How to: Memorise a 5 Minute Speech
Got a speech coming up? Pitching an idea at work? Class presentation? Oscar acceptance? I’ve got a few tips for memorizing your text in double-quick time that might just come in handy.
Last Wednesday, I was booked to give a five minute speech at Phoenix Speakers as part of the Competent Communicator award. This was Project 5: Your Body Speaks, 5–7 minutes on whatever I wanted, with an emphasis on body language, expression and gesture. Notes were not an option if I wanted to get this right, but luckily I had a plan!
In a nutshell, the key to quick memorization (without fancy gimmicks) is repetition. You’ll be surprised how quickly words stick with you when you run through them a few times.
Step 1: Write your speech
This might seem obvious to some, but you really do need to have a plan. I know plenty of people at work who just elaborate on some PowerPoint slides they wrote the day before, but this often seems unpolished and leads to lots of umms and aahs. The most confident sounding people will always know exactly what they want to get across and the order in which they want to do it.
Even at this point, you can do a few things to aid your memory. Incorporate stories or ideas from your own life, things you might have told people already. Include phrases you use every day. Any snippets you are already familiar with will already be very easy to recall. In my case, I based my speech around a story from last year, segments of which I’ve recounted many times since.
Most importantly at this stage is formatting. I always write speeches out with at most one phrase per line, no long paragraphs, with a blank line separating each phrase. I find that 2 pages at 12pt will give you a 5 minute speech. This format will make it much easier to keep track of where you are during the next steps.
Step 2: First three times through
Now it’s time to start rehearsing! Print your speech out and lay it on a table so you can see it all at once. Then run through your speech in full a few times, don’t worry if you make mistakes along the way. Be sure to time yourself to make sure you’ve got the right amount of content. For my recent speech, I practiced with Speaker Alert to keep track of time, with colour alerts only (no time display) so I wasn’t too distracted.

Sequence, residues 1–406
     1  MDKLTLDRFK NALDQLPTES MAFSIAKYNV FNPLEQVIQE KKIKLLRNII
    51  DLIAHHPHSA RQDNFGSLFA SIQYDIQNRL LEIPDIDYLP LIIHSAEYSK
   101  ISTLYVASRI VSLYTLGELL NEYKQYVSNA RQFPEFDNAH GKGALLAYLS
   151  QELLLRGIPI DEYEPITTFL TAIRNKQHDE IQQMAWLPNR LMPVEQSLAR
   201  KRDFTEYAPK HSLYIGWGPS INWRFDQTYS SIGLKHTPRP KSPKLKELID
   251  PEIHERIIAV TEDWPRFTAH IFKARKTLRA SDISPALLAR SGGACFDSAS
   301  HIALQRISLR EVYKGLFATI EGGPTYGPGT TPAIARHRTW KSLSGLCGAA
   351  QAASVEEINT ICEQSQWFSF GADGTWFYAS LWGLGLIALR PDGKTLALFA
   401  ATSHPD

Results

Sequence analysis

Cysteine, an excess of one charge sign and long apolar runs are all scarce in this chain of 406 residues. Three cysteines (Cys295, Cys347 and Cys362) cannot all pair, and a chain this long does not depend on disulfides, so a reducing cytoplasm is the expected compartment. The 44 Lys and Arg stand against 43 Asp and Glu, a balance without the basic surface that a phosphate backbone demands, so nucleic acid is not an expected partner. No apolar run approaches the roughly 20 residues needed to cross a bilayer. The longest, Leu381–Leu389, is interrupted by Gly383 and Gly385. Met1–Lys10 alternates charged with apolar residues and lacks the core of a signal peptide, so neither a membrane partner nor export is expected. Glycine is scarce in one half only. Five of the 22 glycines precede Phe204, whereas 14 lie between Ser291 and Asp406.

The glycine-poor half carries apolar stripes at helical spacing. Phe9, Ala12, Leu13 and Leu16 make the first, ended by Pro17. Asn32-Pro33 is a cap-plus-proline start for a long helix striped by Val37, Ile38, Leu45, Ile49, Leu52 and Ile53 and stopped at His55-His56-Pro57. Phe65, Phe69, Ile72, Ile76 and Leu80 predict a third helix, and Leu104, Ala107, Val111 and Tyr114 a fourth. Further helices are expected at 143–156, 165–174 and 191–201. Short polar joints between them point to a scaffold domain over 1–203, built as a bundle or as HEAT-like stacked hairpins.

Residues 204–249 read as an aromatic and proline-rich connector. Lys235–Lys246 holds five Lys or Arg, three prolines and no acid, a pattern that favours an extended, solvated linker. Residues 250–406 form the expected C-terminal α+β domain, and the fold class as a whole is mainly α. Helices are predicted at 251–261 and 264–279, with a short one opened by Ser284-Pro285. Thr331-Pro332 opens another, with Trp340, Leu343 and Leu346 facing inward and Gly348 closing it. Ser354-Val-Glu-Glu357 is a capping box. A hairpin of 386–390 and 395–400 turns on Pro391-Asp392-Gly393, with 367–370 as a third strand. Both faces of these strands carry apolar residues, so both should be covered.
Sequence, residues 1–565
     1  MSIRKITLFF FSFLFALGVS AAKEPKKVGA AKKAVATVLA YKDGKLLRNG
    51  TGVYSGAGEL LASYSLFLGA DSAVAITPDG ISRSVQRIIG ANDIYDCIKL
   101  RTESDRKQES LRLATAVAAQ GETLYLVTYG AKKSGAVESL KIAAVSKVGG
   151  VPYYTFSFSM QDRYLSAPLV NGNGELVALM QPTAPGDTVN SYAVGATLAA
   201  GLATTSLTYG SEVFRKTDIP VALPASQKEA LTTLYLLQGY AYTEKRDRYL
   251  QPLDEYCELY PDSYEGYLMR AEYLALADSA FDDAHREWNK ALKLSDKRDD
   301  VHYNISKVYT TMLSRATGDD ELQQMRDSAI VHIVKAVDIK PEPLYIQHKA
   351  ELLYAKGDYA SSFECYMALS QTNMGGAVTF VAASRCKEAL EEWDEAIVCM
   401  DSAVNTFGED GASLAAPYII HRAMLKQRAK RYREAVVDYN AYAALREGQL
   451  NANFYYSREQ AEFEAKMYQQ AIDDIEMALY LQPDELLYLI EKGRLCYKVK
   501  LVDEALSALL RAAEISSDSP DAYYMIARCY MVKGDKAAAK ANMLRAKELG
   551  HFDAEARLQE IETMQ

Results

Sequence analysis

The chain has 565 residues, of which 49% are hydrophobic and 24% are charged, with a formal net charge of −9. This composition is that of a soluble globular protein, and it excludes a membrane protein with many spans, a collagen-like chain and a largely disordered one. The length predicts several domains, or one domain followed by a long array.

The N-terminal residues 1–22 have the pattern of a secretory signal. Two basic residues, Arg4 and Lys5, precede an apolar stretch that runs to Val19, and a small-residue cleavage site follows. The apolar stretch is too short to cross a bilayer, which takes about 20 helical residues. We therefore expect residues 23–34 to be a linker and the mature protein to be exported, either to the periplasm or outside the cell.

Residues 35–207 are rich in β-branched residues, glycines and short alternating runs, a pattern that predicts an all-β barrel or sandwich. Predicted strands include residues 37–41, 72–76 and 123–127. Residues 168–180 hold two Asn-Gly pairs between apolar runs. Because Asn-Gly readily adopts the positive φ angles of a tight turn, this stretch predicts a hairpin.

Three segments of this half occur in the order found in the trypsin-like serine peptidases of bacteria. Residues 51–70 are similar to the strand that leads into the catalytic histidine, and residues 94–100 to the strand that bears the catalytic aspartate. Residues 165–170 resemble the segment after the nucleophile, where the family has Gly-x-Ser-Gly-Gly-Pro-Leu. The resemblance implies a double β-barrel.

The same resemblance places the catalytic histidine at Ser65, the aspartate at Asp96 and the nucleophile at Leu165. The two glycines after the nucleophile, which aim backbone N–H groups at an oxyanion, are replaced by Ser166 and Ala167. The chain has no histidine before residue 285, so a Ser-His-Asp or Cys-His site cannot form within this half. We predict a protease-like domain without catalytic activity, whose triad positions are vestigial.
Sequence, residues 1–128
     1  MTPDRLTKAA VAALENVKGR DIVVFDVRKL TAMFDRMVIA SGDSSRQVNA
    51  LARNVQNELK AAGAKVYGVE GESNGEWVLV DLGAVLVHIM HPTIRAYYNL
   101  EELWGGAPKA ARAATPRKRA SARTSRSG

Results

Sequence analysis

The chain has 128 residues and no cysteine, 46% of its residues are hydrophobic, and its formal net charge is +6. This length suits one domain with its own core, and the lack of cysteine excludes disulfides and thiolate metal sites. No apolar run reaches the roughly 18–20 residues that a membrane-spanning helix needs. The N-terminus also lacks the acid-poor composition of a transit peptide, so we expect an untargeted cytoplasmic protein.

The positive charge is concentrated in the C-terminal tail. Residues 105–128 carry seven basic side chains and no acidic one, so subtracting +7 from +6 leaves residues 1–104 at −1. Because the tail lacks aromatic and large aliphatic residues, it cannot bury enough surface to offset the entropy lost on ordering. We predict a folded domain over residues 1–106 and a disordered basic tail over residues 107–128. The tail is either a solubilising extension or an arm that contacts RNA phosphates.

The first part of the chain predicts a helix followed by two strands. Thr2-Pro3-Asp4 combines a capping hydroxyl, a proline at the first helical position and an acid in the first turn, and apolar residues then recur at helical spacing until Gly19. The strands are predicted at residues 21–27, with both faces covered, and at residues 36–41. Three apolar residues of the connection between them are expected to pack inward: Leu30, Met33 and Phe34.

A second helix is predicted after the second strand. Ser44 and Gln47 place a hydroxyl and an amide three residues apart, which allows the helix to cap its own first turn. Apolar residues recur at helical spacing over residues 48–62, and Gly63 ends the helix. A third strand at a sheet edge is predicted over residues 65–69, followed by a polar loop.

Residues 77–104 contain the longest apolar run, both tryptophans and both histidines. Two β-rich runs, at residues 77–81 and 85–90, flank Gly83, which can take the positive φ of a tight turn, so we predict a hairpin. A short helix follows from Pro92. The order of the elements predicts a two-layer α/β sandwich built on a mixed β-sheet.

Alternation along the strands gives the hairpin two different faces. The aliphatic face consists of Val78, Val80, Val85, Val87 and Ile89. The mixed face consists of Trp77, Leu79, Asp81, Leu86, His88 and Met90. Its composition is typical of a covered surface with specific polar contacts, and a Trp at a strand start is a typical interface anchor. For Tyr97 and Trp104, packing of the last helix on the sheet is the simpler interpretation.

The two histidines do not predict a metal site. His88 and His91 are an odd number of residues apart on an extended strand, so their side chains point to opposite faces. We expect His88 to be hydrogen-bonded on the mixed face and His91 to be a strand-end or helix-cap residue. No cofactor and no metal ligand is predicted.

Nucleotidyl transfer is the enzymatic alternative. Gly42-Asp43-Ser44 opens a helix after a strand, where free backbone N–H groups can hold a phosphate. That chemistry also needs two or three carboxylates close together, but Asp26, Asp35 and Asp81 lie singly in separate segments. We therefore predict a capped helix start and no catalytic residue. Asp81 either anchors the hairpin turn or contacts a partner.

The first few times through the speech will allow you to refine it, cut out bits you don’t need and adjust phrasing as needed to fit the spoken works. Sentences that sound fine in your head might seem odd when spoken aloud, or even worse, they could be subtle tongue twisters that could trip you up and ruin the flow of your speech. I’ll typically spend a few minutes editing after each of the first three times through the speech.
Step 3: Take a break
After honing your speech to it’s performable best, you’ve earned a rest. I usually call it a night at this point. You might feel like you’ve not taken much in, but it’s amazing how quickly these things can stick. With last week’s speech, I found myself able to recite most of the first page the next morning in the shower.
Step 4: Rehearse until it’s in
Now you just need to keep practicing. Run through and time your speech as much as you can stand, and each time, see if you can step away from your notes a bit. If you physically separate yourself from your notes, you’re only going to be looking when you really need them.
Your mileage may vary, but I find that once I’ve run through a speech 10 times (including the initial 3 for editing), it’s pretty much in there. For the “body speaks” project, I was able to really start focusing on my movement and expression over the words after about the 5th or 6th run.
Once you’re note free, don’t feel you need to stop. Have a congratulatory cup of tea, by all means, but if you’ve got the time, a bit more rehearsal can’t hurt. A wise person once said: “Amateurs practice until they get it right. Professionals practice until they can’t get it wrong”.
They weren’t wise enough to make sure they were attributed for the quote, but still, it’s good advice.
Originally published at telliott.io.